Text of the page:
Great Lakes Water Levels May Be Diverging From Long-Term Cycles

UW Researcher Says A Rise In Levels Has Arrived Later Than Expected

A UW researcher has found that Great Lakes water levels, along with some inland lake levels, increase and decrease on a roughly 13-year cycle. Photo: Brynn (CC-BY-SA)

A newly published study says current low water levels in lakes Michigan and Superior, along with some inland lakes, might be a break from a pattern.

About 10 years ago, during a drop in water levels, Carl Watras, a state Department of Natural Resources researcher working at a University of Wisconsin site in the northern part of the state, decided to take a closer look at 70 years of data from two small lakes in Vilas County, groundwater, Lake Superior, and the connected lakes Michigan and Huron. Watras said he and his team were surprised to learn the big and small lakes had some key similarities.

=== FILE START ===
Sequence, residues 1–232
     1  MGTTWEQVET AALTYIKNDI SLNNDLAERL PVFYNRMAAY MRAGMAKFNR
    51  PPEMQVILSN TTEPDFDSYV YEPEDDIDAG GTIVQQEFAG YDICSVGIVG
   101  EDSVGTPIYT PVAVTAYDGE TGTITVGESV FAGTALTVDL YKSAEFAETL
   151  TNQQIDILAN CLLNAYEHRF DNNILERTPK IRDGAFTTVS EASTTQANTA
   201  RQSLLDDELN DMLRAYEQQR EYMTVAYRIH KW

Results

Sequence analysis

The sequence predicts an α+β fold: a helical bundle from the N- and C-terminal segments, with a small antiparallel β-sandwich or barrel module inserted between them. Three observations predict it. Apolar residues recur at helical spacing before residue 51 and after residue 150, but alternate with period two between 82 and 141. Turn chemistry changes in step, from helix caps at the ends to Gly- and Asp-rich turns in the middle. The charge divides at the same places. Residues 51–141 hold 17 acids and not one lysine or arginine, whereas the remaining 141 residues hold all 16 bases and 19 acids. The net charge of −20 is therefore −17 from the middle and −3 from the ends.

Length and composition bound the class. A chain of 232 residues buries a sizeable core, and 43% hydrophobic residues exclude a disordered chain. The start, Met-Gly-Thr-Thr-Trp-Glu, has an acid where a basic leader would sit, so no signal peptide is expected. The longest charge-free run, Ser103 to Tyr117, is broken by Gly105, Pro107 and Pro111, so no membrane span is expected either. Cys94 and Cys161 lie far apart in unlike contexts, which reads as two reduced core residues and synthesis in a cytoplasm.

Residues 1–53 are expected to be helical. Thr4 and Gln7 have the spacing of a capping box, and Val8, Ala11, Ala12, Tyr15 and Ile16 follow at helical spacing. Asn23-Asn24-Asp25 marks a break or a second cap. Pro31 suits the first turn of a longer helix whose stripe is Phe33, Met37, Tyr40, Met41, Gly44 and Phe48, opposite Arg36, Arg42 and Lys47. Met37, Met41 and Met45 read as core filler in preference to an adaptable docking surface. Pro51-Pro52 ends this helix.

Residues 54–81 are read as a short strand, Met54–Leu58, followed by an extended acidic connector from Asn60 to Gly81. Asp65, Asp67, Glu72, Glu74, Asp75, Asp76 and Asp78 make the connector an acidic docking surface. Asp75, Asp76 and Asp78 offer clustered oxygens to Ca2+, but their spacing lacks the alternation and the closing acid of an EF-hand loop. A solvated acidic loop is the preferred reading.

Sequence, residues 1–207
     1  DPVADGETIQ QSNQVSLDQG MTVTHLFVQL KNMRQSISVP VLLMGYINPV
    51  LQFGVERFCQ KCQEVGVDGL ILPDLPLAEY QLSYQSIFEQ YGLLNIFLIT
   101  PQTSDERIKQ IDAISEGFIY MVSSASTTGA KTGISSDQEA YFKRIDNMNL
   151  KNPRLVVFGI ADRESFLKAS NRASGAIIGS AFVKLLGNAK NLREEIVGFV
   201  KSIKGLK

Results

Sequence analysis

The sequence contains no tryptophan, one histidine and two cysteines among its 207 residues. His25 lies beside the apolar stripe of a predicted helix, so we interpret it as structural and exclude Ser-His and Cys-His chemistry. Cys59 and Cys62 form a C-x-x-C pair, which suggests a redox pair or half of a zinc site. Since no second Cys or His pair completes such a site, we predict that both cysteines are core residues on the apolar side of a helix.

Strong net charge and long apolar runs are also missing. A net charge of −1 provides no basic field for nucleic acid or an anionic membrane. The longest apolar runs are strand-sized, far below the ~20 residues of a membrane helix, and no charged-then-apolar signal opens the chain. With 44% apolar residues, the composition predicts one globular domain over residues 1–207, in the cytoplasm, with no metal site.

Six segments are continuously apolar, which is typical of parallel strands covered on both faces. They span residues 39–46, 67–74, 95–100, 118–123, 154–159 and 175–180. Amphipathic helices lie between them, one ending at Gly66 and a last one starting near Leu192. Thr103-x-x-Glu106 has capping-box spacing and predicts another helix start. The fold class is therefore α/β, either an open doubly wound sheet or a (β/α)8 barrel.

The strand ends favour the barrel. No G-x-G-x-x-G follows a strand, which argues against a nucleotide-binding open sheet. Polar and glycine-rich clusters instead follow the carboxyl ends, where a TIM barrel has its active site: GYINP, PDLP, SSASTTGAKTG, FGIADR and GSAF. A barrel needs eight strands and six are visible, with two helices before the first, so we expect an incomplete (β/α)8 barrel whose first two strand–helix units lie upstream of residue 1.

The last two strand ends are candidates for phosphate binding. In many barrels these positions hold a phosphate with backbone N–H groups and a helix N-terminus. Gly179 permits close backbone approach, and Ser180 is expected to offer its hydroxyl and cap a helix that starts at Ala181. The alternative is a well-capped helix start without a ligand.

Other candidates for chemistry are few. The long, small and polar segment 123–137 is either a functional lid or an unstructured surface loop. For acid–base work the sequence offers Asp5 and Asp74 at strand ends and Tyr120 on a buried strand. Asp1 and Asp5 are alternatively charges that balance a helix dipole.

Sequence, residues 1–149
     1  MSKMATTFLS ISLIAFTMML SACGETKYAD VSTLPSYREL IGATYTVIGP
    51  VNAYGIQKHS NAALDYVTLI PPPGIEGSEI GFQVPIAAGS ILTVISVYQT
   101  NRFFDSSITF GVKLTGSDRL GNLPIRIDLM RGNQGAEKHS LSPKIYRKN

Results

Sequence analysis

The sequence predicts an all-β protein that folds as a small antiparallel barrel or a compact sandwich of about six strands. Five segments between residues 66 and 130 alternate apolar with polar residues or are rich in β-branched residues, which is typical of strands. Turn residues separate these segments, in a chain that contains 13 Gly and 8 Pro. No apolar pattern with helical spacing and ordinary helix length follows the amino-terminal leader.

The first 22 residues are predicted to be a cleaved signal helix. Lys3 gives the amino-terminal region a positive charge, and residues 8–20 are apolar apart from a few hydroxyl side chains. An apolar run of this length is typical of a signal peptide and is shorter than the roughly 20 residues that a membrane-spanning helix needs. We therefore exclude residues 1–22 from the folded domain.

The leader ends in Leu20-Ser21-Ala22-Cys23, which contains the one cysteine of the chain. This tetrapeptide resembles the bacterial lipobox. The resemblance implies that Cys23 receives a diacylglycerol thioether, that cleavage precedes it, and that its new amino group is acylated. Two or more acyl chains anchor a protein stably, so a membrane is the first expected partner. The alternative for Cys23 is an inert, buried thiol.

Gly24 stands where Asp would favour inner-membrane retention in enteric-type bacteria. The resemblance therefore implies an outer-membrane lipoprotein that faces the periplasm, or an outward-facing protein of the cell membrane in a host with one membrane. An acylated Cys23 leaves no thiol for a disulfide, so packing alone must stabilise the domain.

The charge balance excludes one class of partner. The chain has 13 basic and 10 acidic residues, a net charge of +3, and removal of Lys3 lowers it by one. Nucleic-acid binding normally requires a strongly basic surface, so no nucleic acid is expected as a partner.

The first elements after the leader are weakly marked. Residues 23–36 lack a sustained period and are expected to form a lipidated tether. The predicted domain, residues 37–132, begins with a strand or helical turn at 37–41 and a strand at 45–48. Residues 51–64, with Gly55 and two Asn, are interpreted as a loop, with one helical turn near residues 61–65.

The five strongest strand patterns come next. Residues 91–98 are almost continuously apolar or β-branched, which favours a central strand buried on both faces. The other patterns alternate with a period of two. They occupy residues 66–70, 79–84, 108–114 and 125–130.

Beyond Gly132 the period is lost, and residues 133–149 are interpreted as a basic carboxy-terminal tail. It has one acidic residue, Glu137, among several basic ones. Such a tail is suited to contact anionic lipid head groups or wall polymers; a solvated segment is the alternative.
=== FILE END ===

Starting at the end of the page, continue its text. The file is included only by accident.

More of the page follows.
“They were increasing and decreasing in water level at roughly a frequency of every 13 years or so, and by about the same amount,” said Watras.

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Watras said the path of a jet stream-like atmospheric pattern called circumglobal teleconnection seems to influence the lake levels, as does the local balance between precipitation and evaporation — a battle that evaporation has won during some recent warmer winters.

In fact, during much of the last 15 years, levels have been down. A rise didn’t start happening a couple years ago — just a little bit last year. Watras said there have been false starts before.

“Only time is going to tell whether this is actually the beginning of a return to the old cycle, or whether it’s another small upward step in an overall decline,” said Watras.

Watras declines to offer policy recommendations, but said it’s the atmospheric patterns that may be causing most of the low levels in Lake Huron, and not dredging where the lake empties near Detroit.